A few weeks back there was some buzz on the Yahoo Groups Stained Glass Forum about an interactive website called "A Bastion of Light", showing high resolution images of the stained glass of Christ Church Cathedral, New Zealand. It is impressive indeed.
Something rang a bell with this and I did a little research and found out the technology is due to a thing called Zoomify. There are links to examples of how Zoomify is being used on the Zoomify Customers webpage. Some are very nice, like the Morgan Library Medieval Illuminated Manuscript site, and the The Complete Works of Caravaggio, and the Getty Museum Online Exhibition of Flemish manuscript painting called Illuminating the Renaissance. I love this stuff, though I do have to be careful as this could be a serious timesucker.
As for making your own interactive pages using Zoomify, I downloaded the free version and tried it on one of my panels. It's surprisingly easy to use, at least if you've done some basic website creation yourself. You do need to know a little HTML, but not much.
It works especially well for my quarry/text panels, since I've never been able to show the full panel and still make the quotes readable without having a series of awkward links to other detail pages. So, here is the original ZoomifyExpress version of my 'Asheville Authors' Panel.
I'm impressed enough that I may get a paid version (seems like a good deal at $30) called Zoomify Design, as it would be nice to at least make it a black background, and add some text, like the 'Bastions of Light' site did.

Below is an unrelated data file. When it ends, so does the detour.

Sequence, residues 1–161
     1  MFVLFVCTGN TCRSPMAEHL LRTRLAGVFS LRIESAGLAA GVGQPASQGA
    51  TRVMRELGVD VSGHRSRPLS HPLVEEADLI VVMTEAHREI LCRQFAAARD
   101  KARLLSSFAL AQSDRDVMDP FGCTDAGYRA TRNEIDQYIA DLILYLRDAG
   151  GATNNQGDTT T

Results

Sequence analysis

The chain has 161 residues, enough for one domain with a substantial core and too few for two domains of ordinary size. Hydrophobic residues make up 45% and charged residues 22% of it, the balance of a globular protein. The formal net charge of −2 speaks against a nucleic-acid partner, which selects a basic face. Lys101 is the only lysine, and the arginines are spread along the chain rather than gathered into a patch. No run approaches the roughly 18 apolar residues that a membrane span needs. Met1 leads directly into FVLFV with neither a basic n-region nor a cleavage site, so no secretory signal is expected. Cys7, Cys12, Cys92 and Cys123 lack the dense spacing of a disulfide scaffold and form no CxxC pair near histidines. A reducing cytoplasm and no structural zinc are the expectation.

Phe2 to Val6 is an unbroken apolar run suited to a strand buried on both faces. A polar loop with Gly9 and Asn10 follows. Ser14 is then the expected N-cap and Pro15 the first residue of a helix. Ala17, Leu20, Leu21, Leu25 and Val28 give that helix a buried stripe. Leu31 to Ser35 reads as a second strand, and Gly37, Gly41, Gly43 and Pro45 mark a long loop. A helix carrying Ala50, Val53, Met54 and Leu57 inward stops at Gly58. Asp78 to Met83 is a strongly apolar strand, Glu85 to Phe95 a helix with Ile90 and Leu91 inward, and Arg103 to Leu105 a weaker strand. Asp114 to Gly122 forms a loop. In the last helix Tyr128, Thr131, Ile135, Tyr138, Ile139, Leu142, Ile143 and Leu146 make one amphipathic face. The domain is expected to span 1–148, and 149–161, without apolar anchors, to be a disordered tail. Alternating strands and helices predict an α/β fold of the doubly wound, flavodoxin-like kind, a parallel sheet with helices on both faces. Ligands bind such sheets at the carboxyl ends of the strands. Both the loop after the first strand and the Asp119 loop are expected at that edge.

All in all, I can see enormous potential for this type of stained glass display on the web.
[update February 28, 2009 - I did buy the ZoomifyDesign and turned the white background to a black background version of my 'Asheville Authors' Panel, which is more in line with the rest of my website. I also added some links to help navigation within my site. Unfortunately the process was not as easy as I thought it would be. So, the 'Express' version is easy to use, but you are left with a simple (and stark white) interface. The 'Design' version requires a bit more HTML knowledge to do even a simple design change like add a black background. You may also notice that the 'white' version runs a bit faster than the 'black' version. That's because the design is best done not in HTML but in Flash, which requires a more expensive version of Zoomify and you have to know Flash. I've been resistant to Flash for years, a consequence of my being an old-school animator.]
[update March 3, 2009 - I did two more pages using the same template I made for the Asheville Authors page. Here is the interactive version of my early Psychedelic Gothic panel and, for my friend Alice Johnson because I love her work and especially this panel, the Interactive Tibetan Wheel of Life panel.]
I will be speaking at the American Glass Guild 2009 Conference. It will be held in Buffalo, New York, from July 16-20, 2008.
I'll be talking about "Stained Glass in the Internet Age" -
How might emerging internet technologies affect the prospects for stained glass artists and studios in the future? How can the field of stained glass benefit in terms of training, education, information sharing, scholarship, marketing and, maybe even, perhaps, direct sales? In what is referred to as “web 2.0” there are such a dizzying array of new options available for selling, promoting and marketing both your work and stained glass in general - what to make of it?